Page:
I mean, I know in theory that many Irish mothers must breastfeed, co-sleep, baby-wear, and even continue nursing past the first year, but none I knew had done all that. Or none who talked about it, at least. Which is not surprising in a country like Ireland where things are swept under rugs all the time - and we are way more prudish than the stereotypical No Sex Please, We're British.
It makes perfect sense that blogland is the place to find all this hidden information, because the Irish do love to talk, and love to write, and love their kids, and just need an acceptable outlet for all this stuff so that it doesn't turn out you mortally offended your next-door-neighbour's mother who told her cousin who told your mother who was mortified to hear that you're telling all and sundry your private business.
Being an ex-pat was perhaps the best thing that could have happened to me from a parenting point of view. It gave me the freedom to work things out for myself. I lacked an on-the-spot support system, but I had friends inside the computer and I could let instinct, informed by what I read, tell me how I should parent. Peer pressure was not an issue. I knew what I'd heard about friends and friends of friends who had babies back home - they were almost always stories of past-dates, inductions, emergency c-sections, then bleeding nipples, failed breastfeeding, thriving on formula. All these things happen, of course, but the fact that I didn't seem to know anyone at home they hadn't happened to (from my admittedly small sample circle) was a bit disturbing. I was sure that wasn't how it was meant to go.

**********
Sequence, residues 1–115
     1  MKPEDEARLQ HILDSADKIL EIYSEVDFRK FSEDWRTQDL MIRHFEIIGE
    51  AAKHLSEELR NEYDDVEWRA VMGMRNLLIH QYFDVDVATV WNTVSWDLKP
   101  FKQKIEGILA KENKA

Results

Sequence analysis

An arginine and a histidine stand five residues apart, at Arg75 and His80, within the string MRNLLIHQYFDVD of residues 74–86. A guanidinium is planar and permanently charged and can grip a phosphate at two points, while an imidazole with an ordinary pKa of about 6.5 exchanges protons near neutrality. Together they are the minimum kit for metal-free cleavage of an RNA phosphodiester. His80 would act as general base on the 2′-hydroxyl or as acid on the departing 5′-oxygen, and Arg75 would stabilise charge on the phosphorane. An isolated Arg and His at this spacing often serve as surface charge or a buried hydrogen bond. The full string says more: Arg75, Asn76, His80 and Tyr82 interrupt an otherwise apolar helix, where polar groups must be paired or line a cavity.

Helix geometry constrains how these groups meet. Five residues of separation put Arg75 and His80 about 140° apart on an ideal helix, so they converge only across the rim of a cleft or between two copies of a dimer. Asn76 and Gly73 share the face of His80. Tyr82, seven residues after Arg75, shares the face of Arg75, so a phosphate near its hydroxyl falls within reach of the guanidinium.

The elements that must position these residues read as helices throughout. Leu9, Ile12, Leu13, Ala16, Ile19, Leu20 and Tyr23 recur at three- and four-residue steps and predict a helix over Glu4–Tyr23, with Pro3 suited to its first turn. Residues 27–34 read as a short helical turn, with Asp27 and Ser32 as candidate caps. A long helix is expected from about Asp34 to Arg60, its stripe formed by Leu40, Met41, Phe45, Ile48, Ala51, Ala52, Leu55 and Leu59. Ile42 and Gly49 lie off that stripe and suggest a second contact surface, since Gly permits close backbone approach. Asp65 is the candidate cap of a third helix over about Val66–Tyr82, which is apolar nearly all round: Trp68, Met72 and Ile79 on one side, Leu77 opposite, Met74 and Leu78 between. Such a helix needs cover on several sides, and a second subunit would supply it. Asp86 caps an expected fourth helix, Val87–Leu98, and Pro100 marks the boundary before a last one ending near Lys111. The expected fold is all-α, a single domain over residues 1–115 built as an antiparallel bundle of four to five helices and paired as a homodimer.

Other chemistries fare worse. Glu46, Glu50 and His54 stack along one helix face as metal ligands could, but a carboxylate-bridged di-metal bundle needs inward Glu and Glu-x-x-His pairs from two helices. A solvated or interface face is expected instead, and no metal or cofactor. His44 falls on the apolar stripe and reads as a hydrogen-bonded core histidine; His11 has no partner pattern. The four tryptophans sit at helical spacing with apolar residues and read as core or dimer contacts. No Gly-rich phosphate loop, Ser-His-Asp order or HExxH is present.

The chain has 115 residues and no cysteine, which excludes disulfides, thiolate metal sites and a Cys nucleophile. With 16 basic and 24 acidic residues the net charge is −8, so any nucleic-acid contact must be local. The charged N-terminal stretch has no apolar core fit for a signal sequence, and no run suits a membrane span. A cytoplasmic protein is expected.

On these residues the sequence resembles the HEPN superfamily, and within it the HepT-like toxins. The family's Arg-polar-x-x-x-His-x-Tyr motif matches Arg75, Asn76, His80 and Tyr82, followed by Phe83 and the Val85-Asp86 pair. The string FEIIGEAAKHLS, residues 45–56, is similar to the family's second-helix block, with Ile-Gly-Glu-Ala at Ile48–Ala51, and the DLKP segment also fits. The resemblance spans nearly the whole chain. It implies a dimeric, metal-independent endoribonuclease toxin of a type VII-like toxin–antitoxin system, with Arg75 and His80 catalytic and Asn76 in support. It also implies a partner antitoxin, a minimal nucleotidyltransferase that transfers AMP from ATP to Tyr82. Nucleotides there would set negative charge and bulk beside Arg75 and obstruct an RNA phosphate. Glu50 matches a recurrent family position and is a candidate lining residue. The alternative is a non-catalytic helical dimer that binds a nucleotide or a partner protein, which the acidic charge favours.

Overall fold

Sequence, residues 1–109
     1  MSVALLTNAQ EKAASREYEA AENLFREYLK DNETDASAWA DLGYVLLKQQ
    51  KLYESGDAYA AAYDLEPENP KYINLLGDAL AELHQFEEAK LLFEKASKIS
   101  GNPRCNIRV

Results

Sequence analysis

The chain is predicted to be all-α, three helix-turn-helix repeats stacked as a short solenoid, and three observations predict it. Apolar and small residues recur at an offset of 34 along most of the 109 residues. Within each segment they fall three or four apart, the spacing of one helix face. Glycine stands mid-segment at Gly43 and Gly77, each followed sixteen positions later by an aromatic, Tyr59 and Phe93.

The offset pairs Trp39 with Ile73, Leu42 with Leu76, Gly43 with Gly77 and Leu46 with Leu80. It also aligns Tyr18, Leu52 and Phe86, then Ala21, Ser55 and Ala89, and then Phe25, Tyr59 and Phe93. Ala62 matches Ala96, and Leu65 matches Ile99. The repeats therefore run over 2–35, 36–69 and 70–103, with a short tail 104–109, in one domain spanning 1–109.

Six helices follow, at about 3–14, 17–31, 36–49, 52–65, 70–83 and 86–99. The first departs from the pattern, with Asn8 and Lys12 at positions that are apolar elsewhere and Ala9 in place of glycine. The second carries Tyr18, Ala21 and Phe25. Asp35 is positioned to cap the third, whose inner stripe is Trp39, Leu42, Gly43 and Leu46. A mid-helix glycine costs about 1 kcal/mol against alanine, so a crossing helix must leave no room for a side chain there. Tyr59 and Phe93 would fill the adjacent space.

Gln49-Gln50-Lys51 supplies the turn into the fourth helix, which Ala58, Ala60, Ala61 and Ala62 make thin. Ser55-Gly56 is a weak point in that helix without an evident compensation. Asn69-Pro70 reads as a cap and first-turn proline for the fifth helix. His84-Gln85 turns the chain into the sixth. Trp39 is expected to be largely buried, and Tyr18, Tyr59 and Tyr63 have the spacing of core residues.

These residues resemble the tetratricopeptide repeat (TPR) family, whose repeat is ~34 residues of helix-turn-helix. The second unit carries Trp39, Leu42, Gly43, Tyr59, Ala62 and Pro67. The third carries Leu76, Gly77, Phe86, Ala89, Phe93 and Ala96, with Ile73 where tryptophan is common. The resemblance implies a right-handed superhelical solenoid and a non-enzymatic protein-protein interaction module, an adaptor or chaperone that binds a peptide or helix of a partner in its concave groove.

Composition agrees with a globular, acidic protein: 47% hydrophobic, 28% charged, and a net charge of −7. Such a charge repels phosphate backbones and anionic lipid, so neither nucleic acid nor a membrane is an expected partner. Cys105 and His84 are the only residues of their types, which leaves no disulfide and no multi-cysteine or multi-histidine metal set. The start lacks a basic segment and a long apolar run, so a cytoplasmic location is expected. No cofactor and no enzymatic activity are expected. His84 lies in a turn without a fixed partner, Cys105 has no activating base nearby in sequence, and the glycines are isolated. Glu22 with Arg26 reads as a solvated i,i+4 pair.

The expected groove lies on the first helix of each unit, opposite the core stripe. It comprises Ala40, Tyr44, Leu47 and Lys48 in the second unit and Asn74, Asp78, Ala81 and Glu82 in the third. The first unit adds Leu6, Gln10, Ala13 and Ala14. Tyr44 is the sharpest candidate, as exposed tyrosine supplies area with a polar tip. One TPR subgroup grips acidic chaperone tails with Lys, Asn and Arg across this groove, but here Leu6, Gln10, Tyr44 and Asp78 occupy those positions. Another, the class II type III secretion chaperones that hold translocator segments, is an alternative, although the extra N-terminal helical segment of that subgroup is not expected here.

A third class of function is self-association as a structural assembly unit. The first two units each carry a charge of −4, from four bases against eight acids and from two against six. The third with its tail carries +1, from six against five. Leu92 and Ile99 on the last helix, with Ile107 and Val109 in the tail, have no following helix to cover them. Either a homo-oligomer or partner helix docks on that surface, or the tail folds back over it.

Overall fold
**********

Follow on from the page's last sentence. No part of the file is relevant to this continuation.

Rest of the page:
When it came to breastfeeding, and once things were going well, I saw no reason to stop. Around twelve months I assumed the baby would helpfully "wean himself," but that didn't seem to be what the baby intended. So we went on. If I was weird to the Americans I encountered, they could comfort themselves that I was, after all, European. If the folks at home wondered where I got my strange notions, they could of course blame those crazy hippie Americans for influencing me.
In truth, I learned to trust my own judgement and followed my heart. I decided that what had worked for the cavewoman - co-sleeping, babywearing, extended nursing - would probably be pretty good for my babies too.